The Phoenix King is an epic adventure from its very first page, and if you’re looking for a novel with a rich, intricately-crafted world, a deep-rooted mythology, and a wealth of complex characters who are constantly torn between what’s morally right and what’s best for themselves and their country, then the first book in Aparna Verma’s new Ravence trilogy is definitely the one for you.
Elena Adaya is the heir to throne of the Ravani Kingdom – but she’s also the only Ravence who cannot command the Eternal Fire and wield her family’s legendary magic. As her coronation approaches, Elena is determined to do whatever it takes to prove that she is a worthy successor to her father, and ready to lead her kingdom into a new age of peace and prosperity. What Elena doesn’t expect, however, is the arrival of Yassen Knight, a notorious assassin who now claims fealty and loyalty to the Ravani throne.
Yassen has arrived in Ravani on the heels of what was supposed to be his final kill, but after the job went horribly wrong, Yassen finds himself recruited into helping an old friend one last time in exchange for being pardoned for all of his crimes and starting a new life for himself. When Yassen is installed as a member of Elena’s personal guard,however, Elena is convinced he’s hiding something and the two begin a dangerous dance of intrigue and betrayal as they spend more and more time together. With their country on the brink of war and the threat of rebellion high, there are even more dangerous factors at play than either Elena or Yassen know about – and the choices that they both make could burn down the world.
She was the Burning Queen. The heir of a land of blood and prophecy. May they all bow to her fury.”
This novel portrays a complex science fantasy world that reads like the Daevabad trilogy met the technology and “moves and counter-moves” philosophy of the Hunger Games, and Verma isn’t afraid to throw her readers in at the deep end. After the exciting – and suitably intriguing – action-packed prologue, the narrative gets off to a slow start as roles are defined, sides are taken, and the complicated histories of the clashing groups and characters that make up this world are all introduced and moved into play.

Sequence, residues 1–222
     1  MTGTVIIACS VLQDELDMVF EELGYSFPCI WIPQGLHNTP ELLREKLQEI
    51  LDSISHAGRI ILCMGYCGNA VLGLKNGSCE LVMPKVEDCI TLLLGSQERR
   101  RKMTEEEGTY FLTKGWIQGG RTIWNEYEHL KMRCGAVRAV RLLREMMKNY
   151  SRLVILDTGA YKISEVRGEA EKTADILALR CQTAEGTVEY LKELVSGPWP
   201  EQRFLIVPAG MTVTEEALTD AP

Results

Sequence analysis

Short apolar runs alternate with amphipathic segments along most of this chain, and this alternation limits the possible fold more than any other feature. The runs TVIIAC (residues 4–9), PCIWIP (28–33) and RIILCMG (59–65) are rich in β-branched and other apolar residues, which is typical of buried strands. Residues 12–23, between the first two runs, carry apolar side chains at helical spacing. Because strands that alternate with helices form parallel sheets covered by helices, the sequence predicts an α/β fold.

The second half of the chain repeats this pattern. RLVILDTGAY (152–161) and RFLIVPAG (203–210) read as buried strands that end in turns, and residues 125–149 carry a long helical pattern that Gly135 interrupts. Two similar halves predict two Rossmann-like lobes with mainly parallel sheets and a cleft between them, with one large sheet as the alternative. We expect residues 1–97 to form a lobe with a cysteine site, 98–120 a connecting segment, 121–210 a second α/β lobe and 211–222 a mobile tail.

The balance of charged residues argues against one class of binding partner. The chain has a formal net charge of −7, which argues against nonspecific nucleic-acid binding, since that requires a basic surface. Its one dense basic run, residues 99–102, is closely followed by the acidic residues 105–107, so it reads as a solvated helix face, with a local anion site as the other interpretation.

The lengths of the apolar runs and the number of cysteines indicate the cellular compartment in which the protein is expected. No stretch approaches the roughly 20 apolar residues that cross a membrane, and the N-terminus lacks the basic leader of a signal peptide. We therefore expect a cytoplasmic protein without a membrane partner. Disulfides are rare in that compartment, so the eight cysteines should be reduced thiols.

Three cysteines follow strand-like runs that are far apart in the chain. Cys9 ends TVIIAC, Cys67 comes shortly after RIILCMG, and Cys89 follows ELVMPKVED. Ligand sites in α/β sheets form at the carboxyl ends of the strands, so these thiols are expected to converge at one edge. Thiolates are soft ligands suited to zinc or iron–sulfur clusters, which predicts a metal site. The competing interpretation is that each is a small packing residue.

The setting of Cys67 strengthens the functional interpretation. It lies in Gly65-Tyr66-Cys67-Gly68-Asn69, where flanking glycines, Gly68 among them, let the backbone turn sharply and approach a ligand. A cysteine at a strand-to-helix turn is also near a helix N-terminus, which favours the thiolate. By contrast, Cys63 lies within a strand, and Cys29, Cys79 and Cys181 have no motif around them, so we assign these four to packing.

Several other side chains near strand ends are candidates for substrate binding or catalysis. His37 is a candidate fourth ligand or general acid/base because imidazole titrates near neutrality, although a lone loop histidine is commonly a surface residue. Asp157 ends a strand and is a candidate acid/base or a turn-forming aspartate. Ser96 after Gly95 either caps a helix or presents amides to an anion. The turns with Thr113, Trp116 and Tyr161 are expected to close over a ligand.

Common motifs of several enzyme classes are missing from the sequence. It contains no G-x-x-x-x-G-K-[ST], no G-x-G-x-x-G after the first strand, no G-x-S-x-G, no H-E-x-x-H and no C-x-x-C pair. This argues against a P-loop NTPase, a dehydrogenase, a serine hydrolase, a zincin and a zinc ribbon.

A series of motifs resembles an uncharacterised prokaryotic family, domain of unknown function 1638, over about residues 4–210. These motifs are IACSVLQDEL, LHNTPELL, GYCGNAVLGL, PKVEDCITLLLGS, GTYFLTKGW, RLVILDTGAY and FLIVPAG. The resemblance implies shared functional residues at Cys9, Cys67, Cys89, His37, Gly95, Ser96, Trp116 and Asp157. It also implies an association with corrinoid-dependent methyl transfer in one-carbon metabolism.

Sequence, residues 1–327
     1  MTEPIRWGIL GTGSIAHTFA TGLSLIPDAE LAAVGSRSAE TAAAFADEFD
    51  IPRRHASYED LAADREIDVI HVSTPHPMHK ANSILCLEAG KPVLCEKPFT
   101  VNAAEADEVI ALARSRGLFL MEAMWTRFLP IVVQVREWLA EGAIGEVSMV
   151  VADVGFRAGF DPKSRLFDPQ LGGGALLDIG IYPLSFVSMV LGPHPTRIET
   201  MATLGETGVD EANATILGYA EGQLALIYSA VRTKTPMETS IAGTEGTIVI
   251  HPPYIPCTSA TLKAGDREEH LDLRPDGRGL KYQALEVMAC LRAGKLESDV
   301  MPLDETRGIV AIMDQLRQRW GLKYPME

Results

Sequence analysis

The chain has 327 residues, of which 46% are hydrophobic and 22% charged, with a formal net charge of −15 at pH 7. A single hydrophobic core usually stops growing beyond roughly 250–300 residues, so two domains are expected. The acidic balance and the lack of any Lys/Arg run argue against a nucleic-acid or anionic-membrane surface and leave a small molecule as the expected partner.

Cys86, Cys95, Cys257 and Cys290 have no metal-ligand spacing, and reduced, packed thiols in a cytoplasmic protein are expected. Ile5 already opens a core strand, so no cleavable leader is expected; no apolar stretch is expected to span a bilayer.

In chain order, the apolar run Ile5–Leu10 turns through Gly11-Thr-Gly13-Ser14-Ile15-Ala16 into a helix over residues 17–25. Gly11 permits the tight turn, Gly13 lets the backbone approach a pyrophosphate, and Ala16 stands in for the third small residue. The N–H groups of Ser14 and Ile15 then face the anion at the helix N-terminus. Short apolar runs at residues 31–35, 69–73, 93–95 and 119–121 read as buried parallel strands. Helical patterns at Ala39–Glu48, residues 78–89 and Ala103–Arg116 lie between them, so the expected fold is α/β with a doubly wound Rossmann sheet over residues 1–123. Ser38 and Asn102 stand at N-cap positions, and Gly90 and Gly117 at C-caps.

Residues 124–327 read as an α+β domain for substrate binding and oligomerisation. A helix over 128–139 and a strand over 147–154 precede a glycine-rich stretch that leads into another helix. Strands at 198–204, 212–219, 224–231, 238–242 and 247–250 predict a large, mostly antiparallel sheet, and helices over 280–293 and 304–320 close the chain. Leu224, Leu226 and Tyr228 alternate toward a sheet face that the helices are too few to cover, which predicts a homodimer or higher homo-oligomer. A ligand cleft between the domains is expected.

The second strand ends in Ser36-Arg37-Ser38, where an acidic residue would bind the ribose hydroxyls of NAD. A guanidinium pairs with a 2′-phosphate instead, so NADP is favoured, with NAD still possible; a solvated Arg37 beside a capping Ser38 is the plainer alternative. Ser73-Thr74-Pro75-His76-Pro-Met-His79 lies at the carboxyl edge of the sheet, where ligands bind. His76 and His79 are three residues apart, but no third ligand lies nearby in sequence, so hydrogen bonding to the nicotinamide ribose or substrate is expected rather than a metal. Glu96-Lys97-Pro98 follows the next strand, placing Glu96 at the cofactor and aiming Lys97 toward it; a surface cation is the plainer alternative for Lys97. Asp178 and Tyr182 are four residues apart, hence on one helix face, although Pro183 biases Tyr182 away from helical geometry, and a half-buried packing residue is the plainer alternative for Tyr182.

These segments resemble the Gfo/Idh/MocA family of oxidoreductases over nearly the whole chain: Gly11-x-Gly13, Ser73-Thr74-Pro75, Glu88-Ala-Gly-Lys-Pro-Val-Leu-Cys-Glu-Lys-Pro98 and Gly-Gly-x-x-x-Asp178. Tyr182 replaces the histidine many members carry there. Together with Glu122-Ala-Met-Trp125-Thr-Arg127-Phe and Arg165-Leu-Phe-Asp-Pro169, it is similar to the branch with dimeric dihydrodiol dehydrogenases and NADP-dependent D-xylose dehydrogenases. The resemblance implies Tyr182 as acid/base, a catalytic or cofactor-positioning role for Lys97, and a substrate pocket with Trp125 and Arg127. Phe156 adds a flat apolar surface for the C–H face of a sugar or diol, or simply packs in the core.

It’s a narrative that builds up in layers slowly, and it can take a little moment to get your head around. It wasn’t until we hit Chapter 5 that I was able to settle more comfortably into this world, and it took another three or four more after that to become fully immersed in this novel as the true extent of this narrative began to reveal itself. It’s undoubtedly a bit of a meandering start, but what The Phoenix King lacks in action-packed narratives at this early stage it certainly makes up for with a wealth of political and courtly intrigue instead.
Through these characters, their histories and their relationships with one another, Verma clearly establishes this new fantasy kingdom, its socio-political role and the shifting alliances between its rules and neighbouring countries. In Elena, we see a fierce and stubborn young ruler and watch as she learns that doing what’s best for her country requires pain, sacrifice and difficult decisions, while with her father Leo we see a monarch on the other side of his reign whose decisions have turned darker and deadlier, but who is no less conflicted by his actions. Yassen, meanwhile, and his journey from starving orphan to deadly assassin for one of the kingdom’s most notorious rebel groups presents a picture of those in the kingdom who’ve fallen on harder times, as well as his ongoing search for home, for purpose and for freedom.
With so many characters, social classes, motives and hidden agendas playing out at any one time, The Phoenix King quickly proves itself to be a compelling and fascinating slow burn fantasy, and all before the plot shifts, the stakes are raised and the action truly begins. Admittedly, The Phoenix King does feel overly long at times, and the extent to which you’re willing to continue this narrative will largely come down to whether you prefer your fantasy epics to be driven by political machinations or action-packed fight scenes. With three POVs to contend with for the majority of the book, there are a lot of politics and motivations to keep track of too, and it’s no surprise that the novel begins to feel a little more direct and a little more put together when one of those perspectives is given less prominence as the plot continues.
Ultimately, The Phoenix King is a deeply captivating adventure novel and a very promising start to a new fantasy series. It’s a novel that’s packed with magic, prophecy, betrayal and plotting, complete with complex characters, morally grey actions and a very welcome slow burn enemies-to-lovers side plot too. There’s certainly a lot of build-up, but this is a novel that explodes into such a whirlwind of action and romance that it all pays off in some very satisfying ways. If the final chapters of this novel provide just a hint of the kinds of twists, turns and adventures to come in the rest of the series, then the Ravence Trilogy has every potential to become something very special.
The Phoenix King was published on 31 August by Orbit